Another hazard to consider is whether there might be a failure mode where the fault current makes something get hot, maybe even hot enough to catch fire. Here, you have to consider not just the voltage, but the energy (or available current). An example would be a stick welder, where voltage may be ELV, but its intended to source 100 A, and that can certainly make things hot enough to burn. So to mitigate that hazard, you want to know where a fault current might flow, and protect that. In this case, a chafed wire, for example, might short the 20 V supply to the case. If that happened, enough current might flow to cause the cord to get hot, and burn you, or start a fire. The easiest way to mitgate that hazard is to ground the metal case to the secondary supply and place a fuse in the circuit that will blow if the current is more than the lamp ever needs normally, then size your wire so that it won't overheat before the fuse blows. Or, choose a power supply that has electronic energy limiting, such as fold back current limiting.

Consider the failure scenarios and mitigate them.

If you intend to make a bunch of these and sell them, then you likely have regulatory reponsibilities, and you need someone that knows the rules in your jurisdiction. Where I am in the US, there are labs that will assess a product against the UL safety standard and you can even get a product affirmatively listed as safe, but the testing and listing fees are not cheap. I try to design everything to meet the UL and EU standards, and most other jurisdictions coordinate with essentially the same rules.
 

Reloadron

Joined Jan 15, 2015
6,214
I'm powering my device with an AC/DC wall mount adapter that outputs 20V which connects to a barrel jack on my PCB. I'm using an LED driver as well that outputs 700mA constant current. My LED itself has a forward voltage of 17.2V at 700mA at test temperature (85C).
Welcome Aboard!
Starting there we generally refer to AC/DC wall mount adapters as a wall wart as was mentioned. Speaking for here in the US and only in the US most of these devices do not include a ground lug and the output DC is isolated from the AC side mains. There should exist no shock hazard. That said if you want to and it certainly won't hurt place a grounding lug on your aluminum fixture and arrange for it to be grounded. The trick then becomes finding a ground to connect to. This is likely best done at the power source. You can look at any codes depending on your product distribution scheme but as mentioned placing a little UL (Underwriters Laboratory) comes with a cost. A 20 VDC wall wart is considered low voltage and presents no shock hazard. I would look at any applicable codes and then decide where you want to or have to go.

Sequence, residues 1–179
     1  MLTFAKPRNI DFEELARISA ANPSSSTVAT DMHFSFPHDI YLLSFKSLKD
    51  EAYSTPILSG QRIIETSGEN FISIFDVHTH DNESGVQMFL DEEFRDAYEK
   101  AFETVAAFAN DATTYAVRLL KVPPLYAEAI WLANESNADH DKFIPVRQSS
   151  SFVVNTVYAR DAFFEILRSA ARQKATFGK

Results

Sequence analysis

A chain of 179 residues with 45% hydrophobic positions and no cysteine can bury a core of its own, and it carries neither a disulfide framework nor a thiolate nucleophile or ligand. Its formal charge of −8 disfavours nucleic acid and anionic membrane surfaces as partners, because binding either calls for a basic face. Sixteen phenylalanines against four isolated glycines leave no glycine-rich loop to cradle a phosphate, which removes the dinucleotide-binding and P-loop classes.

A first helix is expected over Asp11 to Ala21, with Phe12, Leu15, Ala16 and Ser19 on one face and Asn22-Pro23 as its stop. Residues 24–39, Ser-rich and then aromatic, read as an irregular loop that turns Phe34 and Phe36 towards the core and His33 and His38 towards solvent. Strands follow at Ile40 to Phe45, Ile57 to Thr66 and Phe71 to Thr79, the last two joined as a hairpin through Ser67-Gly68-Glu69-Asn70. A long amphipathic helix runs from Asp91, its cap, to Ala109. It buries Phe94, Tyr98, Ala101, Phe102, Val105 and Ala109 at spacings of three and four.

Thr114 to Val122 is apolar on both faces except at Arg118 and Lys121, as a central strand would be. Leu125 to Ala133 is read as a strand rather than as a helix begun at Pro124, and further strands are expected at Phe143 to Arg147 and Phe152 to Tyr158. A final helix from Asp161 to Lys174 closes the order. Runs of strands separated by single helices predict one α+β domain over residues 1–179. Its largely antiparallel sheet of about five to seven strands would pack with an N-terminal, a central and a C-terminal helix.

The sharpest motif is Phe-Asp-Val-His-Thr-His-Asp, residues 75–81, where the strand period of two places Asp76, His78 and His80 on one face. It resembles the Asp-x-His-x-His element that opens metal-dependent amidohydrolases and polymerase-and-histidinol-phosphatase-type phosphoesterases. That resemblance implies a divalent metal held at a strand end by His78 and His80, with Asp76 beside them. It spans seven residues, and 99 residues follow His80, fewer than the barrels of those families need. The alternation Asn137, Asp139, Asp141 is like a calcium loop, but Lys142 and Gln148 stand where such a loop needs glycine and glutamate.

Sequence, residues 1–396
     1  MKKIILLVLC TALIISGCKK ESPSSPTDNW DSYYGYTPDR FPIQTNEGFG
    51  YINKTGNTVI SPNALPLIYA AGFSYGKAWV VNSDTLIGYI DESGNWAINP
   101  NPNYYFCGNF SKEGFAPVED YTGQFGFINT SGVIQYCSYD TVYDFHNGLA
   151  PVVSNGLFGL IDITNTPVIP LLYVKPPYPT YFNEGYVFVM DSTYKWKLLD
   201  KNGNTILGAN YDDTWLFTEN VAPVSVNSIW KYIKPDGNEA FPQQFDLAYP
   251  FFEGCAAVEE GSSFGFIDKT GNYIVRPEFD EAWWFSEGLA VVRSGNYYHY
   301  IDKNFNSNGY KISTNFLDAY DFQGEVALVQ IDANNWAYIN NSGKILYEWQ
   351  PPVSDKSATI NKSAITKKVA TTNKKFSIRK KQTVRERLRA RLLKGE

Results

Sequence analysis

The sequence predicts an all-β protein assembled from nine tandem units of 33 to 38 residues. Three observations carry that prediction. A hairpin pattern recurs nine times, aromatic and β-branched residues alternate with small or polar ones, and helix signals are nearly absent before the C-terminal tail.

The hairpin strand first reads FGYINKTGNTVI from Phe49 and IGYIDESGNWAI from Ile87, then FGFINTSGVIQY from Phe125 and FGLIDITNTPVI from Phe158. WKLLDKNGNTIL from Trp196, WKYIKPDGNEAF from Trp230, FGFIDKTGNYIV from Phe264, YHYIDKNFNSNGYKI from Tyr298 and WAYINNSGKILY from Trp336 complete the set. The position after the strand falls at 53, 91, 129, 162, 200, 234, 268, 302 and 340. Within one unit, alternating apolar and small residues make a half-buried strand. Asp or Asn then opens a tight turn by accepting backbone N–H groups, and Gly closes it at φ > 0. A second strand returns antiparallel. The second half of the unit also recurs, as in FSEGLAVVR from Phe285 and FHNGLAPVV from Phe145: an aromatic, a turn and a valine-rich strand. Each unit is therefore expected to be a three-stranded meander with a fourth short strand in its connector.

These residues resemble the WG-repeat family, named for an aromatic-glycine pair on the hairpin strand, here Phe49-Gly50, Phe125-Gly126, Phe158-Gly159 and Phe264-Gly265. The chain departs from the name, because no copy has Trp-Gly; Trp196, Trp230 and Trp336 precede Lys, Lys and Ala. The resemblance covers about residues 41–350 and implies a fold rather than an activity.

Ron
 

Thread Starter

jai.whitey

Joined Oct 19, 2021
9
Welcome Aboard!
Starting there we generally refer to AC/DC wall mount adapters as a wall wart as was mentioned. Speaking for here in the US and only in the US most of these devices do not include a ground lug and the output DC is isolated from the AC side mains. There should exist no shock hazard. That said if you want to and it certainly won't hurt place a grounding lug on your aluminum fixture and arrange for it to be grounded. The trick then becomes finding a ground to connect to. This is likely best done at the power source. You can look at any codes depending on your product distribution scheme but as mentioned placing a little UL (Underwriters Laboratory) comes with a cost. A 20 VDC wall wart is considered low voltage and presents no shock hazard. I would look at any applicable codes and then decide where you want to or have to go.

Ron
Thanks, if I understand you correctly regarding the grounding lug - I would connect a wire from the metal enclosure to the ground pad on my PCB (the ground negative pad for my DC barrel jack)?

Taking a look at UL, it seems I would want a "UL 1598, Luminaires" certification.
 

Thread Starter

jai.whitey

Joined Oct 19, 2021
9
I don't disagree with the technical part of the answers above. If you are making one or two of these and just want to be sure they are safe to use, the advice so far is enough, especially the "use the correct fuse for your wire size".

You can think of this from the point of view of a safety hazard analysis. What are the hazards? Are they mitigated? You've already considered the line voltage hazard, and purchased components (your mains to 20 V DC wall wart supply) that have adequate protection built in. Some safety engineer test, and you already paid for it when you bought the supply. The supply *is* CE marked, or UL listed, right?

Now, consider if there is a shock hazard at the low voltage side? 20 volts is low enought that the US NFPA "electrical code" classifies it as "Class 2", and European Directives classify it Extra-Low Voltage (ELV), both saying there is no plausible scenario where a 20 V supply can push enough current through your body to cause pain or damage. So far so good. All that said, there is no reason NOT to ground any metal parts, and that brings us to the other hazard.

Another hazard to consider is whether there might be a failure mode where the fault current makes something get hot, maybe even hot enough to catch fire. Here, you have to consider not just the voltage, but the energy (or available current). An example would be a stick welder, where voltage may be ELV, but its intended to source 100 A, and that can certainly make things hot enough to burn. So to mitigate that hazard, you want to know where a fault current might flow, and protect that. In this case, a chafed wire, for example, might short the 20 V supply to the case. If that happened, enough current might flow to cause the cord to get hot, and burn you, or start a fire. The easiest way to mitgate that hazard is to ground the metal case to the secondary supply and place a fuse in the circuit that will blow if the current is more than the lamp ever needs normally, then size your wire so that it won't overheat before the fuse blows. Or, choose a power supply that has electronic energy limiting, such as fold back current limiting.